And furthermore, why are we so delusional as a culture that we all mindlessly believe that having that college degree is going to equal big bucks?


Yes, it does occur that people do graduate and go on to make their millions, but I'm afraid that is becoming less and less the case. Most people are struggling from paycheck to paycheck, just like dancers are.... they may have a 'beamer' in the driveway, but they have just as much cash percentage-wise as a "poor dancer" does, and a hundred-grand in college loans. :thumbsup:


If your dream is to make (and let's face it- millions won't cut it anymore) billions, then you'd better hope you have a daddy who went to an Ivy, and has his own company you can automatically have a job in when you've got that ultimate little rectangle.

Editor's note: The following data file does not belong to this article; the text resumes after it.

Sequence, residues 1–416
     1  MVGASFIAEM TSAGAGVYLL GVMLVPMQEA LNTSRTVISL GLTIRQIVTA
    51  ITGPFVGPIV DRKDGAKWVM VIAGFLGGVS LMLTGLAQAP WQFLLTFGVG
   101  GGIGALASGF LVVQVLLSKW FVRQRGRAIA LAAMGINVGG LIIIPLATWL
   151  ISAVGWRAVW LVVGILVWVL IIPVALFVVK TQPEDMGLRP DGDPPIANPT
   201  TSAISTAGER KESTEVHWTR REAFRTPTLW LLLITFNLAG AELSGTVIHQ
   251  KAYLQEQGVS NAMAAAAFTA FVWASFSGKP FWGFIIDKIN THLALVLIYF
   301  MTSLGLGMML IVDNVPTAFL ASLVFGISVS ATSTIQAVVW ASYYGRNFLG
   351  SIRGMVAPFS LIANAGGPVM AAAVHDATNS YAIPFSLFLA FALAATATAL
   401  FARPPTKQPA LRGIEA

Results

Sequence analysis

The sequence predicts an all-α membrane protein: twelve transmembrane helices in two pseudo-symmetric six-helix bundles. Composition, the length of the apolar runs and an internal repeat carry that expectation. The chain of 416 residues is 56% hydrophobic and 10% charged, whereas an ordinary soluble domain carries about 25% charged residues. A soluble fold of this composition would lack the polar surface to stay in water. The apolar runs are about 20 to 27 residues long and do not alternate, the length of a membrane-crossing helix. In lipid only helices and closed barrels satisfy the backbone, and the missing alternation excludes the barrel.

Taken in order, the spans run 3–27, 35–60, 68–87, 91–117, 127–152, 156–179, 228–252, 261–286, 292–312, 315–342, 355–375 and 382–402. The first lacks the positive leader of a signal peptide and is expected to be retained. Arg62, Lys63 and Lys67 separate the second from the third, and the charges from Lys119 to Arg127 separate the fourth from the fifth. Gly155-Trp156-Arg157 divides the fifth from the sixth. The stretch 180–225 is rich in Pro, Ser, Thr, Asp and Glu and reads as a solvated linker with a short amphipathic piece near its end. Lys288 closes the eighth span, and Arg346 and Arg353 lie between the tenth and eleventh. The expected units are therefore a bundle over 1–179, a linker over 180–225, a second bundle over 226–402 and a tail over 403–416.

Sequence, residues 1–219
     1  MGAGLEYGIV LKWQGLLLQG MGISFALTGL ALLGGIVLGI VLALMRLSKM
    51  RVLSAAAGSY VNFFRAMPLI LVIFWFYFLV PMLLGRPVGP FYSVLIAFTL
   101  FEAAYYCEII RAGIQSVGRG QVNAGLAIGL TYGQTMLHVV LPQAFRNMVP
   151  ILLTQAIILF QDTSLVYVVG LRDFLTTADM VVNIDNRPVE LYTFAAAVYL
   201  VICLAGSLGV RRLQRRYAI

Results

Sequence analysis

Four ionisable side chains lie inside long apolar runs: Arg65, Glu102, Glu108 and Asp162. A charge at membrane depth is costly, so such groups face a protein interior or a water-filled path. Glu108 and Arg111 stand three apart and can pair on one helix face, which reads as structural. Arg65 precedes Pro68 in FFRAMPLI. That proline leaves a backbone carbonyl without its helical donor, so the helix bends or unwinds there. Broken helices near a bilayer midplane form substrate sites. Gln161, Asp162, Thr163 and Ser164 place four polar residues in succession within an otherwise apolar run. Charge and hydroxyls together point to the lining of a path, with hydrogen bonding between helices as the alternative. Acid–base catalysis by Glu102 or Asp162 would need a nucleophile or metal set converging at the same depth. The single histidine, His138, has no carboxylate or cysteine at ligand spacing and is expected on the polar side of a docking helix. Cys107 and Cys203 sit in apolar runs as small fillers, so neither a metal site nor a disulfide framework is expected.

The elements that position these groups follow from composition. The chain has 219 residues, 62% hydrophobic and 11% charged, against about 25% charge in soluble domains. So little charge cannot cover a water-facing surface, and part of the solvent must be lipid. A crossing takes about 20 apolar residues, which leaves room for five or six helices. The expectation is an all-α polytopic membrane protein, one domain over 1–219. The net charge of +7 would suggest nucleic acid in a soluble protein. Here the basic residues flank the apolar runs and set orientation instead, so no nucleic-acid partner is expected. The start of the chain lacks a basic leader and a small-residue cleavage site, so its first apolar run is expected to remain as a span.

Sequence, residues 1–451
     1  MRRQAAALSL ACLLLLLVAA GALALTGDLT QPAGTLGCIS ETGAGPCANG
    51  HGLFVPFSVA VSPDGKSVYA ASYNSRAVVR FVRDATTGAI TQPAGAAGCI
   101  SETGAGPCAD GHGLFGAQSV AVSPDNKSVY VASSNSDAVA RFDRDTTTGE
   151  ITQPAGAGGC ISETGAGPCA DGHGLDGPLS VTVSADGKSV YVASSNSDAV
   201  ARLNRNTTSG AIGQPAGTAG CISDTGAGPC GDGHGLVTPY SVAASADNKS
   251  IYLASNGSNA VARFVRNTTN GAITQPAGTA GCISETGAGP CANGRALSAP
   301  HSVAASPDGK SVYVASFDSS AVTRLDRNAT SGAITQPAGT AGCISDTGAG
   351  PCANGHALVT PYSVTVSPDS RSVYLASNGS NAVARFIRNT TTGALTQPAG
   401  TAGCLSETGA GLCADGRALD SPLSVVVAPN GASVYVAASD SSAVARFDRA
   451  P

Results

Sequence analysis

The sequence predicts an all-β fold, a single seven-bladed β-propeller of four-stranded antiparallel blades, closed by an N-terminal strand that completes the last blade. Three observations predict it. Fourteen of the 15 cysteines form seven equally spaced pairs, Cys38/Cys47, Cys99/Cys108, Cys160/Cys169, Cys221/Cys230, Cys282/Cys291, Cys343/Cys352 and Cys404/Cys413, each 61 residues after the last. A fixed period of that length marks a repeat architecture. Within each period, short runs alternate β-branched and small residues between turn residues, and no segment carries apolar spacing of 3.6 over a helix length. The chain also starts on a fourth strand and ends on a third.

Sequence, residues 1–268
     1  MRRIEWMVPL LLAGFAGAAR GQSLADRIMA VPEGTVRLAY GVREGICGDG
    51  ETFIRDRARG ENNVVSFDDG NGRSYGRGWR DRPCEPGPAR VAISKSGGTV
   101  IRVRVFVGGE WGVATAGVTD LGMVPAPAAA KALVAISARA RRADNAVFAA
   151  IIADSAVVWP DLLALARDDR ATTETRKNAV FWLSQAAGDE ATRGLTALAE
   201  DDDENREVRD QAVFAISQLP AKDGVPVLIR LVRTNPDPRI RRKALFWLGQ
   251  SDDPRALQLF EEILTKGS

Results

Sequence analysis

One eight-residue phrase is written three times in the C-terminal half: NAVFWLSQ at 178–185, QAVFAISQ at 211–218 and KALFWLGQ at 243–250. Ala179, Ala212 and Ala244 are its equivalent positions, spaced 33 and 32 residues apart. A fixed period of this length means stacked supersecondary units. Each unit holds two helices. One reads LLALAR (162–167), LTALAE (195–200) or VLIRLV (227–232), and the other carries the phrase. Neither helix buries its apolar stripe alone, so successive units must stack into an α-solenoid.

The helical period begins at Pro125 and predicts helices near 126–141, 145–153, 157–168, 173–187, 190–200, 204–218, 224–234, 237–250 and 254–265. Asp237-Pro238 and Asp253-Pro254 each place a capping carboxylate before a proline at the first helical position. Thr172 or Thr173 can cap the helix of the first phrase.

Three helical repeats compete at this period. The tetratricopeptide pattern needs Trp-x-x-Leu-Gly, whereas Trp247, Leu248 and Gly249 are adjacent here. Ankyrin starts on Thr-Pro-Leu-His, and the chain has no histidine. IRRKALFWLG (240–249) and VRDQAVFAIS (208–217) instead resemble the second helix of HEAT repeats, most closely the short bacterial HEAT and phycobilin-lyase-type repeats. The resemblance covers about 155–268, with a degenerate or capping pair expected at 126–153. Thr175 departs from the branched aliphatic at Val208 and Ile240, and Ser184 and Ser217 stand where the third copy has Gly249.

The funny thing is, I'm not against college- quite the opposite- what I'm against is mindless following of any kind, and forced-college. I am all for it if a person has a wish to accomplish a degree, and they have the freedom to choose whether they go or not. I think that everyone should be able to follow their dreams, and that will include higher education for many. I just think we all need to go into things with our eyes open; no path in life is guaranteed, so I think it's important to understand the entire picture, whatever direction a person chooses.


I also don't think that higher education must occur between the ages of 17-21....


Now, if college were tuition-free for everyone, and everyone was treated equally, then why not go? But I still think it could be accomplished at the same time as a professional career in ballet. :)